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U.S. health care costs up 29% because of obesity

The overall cost of health care in America is up 29%, varying greatly among states, according to a new report from Cornell University.

“We have, for the first time, estimated the percentage of health care spending that is devoted to obesity, using microdata for each state,” the research’s co-author John Cawley told Science Daily.

Cawley said that the study found states including New York, California, Arizona and Pennsylvania devoted 5% to 6% of their total medical budget to obesity-related treatments. But other states, like North Carolina, Ohio and Wisconsin, spent more than twice that amount — over 12% of all their health care dollars went toward taking care of people with complications from obesity.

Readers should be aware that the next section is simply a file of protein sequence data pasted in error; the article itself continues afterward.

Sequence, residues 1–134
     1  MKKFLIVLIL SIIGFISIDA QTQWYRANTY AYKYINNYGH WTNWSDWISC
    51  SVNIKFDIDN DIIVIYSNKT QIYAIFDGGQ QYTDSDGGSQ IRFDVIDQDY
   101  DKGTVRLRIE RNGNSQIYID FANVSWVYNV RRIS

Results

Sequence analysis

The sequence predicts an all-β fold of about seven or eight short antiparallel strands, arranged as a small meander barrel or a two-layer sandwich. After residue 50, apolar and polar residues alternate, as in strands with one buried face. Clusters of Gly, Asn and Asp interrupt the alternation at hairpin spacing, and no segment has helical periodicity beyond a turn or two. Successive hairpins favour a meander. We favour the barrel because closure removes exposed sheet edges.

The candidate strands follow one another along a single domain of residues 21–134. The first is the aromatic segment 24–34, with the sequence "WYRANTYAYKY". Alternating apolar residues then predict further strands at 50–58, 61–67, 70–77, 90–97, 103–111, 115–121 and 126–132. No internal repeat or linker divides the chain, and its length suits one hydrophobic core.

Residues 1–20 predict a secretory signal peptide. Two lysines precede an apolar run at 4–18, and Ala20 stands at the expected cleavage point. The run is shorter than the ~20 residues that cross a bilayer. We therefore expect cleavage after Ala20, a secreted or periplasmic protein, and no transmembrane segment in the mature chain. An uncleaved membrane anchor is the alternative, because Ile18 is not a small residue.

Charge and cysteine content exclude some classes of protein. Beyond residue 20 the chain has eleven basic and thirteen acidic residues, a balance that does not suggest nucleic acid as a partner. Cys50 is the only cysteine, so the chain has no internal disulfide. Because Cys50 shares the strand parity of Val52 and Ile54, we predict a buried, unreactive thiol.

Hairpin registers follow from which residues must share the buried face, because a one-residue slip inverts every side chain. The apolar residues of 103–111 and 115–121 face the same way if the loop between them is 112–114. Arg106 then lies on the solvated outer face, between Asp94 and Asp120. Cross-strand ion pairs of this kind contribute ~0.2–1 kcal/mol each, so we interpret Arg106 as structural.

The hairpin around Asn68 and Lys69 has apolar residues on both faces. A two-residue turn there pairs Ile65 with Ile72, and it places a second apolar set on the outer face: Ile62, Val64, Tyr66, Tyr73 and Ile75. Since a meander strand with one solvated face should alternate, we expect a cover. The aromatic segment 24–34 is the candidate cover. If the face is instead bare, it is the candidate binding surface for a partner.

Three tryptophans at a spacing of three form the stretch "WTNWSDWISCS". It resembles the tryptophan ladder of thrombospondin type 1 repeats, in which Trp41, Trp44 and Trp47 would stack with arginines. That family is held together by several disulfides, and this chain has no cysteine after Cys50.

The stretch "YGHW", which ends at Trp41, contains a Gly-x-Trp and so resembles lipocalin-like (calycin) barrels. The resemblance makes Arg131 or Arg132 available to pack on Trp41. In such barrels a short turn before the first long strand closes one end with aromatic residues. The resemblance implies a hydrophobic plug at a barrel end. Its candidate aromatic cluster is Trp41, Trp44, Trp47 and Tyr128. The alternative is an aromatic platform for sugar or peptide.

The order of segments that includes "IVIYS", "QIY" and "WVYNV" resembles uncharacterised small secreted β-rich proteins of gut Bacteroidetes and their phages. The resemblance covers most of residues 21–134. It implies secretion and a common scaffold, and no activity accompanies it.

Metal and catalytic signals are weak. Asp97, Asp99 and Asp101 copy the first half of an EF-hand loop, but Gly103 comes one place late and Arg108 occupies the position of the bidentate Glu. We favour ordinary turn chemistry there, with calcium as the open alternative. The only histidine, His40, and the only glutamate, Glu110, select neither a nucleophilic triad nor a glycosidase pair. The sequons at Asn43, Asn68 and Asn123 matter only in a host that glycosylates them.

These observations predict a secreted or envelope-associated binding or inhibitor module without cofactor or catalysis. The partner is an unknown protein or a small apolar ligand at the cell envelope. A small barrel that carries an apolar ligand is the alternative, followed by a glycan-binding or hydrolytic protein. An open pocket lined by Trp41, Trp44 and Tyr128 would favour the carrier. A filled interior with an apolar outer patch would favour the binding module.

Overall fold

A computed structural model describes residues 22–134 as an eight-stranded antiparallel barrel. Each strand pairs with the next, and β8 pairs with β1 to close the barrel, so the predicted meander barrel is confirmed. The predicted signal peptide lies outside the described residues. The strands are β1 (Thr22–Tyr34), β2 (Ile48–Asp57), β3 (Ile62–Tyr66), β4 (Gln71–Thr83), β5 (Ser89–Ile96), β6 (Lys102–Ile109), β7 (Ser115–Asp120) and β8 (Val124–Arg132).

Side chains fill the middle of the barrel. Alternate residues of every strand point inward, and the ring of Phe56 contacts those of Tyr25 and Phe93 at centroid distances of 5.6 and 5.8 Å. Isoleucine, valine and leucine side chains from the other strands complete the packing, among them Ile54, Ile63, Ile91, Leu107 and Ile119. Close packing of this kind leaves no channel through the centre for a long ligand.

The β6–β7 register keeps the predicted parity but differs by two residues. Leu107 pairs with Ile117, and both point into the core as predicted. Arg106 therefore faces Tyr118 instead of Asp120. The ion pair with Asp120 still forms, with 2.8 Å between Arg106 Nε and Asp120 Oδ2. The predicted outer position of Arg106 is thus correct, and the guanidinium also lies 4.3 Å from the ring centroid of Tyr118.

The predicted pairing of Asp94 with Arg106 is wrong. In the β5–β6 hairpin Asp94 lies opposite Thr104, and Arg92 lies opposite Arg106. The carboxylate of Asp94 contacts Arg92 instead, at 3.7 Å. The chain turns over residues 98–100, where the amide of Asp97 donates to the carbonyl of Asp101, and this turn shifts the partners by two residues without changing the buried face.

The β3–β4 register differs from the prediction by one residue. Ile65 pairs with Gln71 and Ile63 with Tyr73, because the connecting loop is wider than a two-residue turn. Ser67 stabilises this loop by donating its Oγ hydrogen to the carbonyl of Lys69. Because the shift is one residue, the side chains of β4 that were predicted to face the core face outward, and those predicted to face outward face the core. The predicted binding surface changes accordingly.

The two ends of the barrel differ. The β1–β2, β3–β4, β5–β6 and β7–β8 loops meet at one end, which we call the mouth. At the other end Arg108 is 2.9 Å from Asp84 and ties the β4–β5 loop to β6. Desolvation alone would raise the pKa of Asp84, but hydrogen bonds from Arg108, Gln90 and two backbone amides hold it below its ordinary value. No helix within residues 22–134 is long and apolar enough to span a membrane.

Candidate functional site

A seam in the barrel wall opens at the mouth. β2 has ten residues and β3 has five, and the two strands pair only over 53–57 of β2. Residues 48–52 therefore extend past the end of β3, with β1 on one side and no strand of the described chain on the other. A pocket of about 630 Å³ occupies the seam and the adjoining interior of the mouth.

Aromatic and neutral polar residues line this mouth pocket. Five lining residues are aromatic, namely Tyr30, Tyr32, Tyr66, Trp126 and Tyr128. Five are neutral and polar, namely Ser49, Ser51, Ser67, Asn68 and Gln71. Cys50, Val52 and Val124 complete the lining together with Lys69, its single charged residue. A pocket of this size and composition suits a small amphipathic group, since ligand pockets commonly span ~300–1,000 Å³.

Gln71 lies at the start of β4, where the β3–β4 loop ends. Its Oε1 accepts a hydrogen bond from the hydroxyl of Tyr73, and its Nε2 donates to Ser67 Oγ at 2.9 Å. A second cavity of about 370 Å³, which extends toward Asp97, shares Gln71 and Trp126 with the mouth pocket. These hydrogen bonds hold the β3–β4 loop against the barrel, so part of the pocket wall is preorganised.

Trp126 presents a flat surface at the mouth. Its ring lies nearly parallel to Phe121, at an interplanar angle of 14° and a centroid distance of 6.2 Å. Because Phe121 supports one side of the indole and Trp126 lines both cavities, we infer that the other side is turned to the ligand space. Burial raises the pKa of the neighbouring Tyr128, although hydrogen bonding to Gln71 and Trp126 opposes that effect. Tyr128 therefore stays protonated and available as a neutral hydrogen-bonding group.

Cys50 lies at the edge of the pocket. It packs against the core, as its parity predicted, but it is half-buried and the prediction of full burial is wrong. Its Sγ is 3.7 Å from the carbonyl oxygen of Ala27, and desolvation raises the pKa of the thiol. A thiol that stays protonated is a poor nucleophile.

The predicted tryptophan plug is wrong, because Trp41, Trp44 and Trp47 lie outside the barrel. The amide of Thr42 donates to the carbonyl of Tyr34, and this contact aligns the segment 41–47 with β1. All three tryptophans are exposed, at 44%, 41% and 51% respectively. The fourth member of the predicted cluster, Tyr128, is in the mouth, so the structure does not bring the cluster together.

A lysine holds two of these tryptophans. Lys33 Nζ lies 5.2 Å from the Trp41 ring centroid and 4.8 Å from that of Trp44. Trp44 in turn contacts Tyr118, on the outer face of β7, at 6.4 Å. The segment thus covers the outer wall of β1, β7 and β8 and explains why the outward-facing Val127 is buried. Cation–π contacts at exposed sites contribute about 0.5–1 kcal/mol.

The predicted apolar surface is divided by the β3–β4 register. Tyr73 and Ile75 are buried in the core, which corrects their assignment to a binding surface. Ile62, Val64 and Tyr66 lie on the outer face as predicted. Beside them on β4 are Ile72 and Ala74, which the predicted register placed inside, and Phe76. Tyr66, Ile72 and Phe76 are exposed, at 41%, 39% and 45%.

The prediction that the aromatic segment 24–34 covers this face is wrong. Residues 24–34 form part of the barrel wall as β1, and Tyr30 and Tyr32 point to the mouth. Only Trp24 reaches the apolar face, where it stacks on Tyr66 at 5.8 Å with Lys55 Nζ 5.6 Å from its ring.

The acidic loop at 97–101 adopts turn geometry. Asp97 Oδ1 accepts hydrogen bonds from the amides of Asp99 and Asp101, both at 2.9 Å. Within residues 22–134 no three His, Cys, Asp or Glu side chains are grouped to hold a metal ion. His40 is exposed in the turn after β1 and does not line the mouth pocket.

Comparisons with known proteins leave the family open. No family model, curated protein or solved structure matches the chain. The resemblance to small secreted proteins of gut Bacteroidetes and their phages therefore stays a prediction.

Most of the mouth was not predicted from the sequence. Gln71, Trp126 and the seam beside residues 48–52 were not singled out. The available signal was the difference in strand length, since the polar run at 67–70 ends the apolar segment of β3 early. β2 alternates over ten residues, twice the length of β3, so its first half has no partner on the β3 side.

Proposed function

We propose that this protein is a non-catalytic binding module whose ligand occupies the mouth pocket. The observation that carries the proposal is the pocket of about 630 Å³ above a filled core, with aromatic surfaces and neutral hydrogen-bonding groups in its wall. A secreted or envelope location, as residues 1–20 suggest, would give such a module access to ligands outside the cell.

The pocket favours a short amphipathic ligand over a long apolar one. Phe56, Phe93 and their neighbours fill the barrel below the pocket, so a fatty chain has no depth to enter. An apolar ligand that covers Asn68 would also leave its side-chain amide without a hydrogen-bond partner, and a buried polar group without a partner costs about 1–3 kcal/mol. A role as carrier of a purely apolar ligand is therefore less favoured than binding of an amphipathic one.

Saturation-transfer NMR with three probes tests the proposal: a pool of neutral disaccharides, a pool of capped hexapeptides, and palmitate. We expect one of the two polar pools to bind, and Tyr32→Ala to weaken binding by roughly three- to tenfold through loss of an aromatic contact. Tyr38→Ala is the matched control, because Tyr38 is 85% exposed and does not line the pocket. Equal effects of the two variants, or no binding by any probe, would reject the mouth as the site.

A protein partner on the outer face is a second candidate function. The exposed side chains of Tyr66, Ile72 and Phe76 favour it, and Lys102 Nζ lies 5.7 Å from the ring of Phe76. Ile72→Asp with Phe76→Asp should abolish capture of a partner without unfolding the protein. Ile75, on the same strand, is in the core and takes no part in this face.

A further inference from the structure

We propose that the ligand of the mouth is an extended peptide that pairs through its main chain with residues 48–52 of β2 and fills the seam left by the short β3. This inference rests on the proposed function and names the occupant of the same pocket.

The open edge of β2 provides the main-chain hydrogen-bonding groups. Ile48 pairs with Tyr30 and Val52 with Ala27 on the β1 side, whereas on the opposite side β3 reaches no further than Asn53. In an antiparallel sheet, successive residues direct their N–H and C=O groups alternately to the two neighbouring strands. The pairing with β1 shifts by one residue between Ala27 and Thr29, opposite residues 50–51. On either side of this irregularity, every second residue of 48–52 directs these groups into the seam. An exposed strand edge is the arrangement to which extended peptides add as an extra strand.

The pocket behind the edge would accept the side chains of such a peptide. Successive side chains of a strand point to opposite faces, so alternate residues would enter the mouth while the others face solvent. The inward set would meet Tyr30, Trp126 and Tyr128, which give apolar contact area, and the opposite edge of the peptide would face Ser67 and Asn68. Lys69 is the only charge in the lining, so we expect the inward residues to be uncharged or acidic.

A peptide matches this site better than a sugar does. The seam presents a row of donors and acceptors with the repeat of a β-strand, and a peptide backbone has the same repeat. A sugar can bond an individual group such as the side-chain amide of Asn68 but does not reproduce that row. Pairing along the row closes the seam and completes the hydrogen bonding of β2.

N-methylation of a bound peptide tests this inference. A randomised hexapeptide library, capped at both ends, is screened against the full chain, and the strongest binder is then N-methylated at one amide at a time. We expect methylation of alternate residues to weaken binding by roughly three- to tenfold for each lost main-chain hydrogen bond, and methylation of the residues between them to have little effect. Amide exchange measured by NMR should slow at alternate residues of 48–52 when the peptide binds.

Across the country, the study found that medical expenditures — including those paid through private health insurance, Medicare and Medicaid — focused on obesity-related procedures and therapies for adults rose from just over 6% in 2001 to nearly 85 in 2015 — a 29% increase.

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“Once again, we find dramatic differences across states in the fraction of Medicaid spending that is devoted to obesity-related illness,” Cawley said. “For example, over 2001 to 2015, Kentucky and Wisconsin devoted over 20% of their Medicaid spending to obesity-related illness. In contrast, in New York, 10.9% of Medicaid spending was devoted to obesity-related illness, and the average for the U.S. as a whole was 8.23% during that period.”

The study said that the differences across states in obesity treatment need could be driven by a number of factors, including health care access, cost and overall obesity prevalence.

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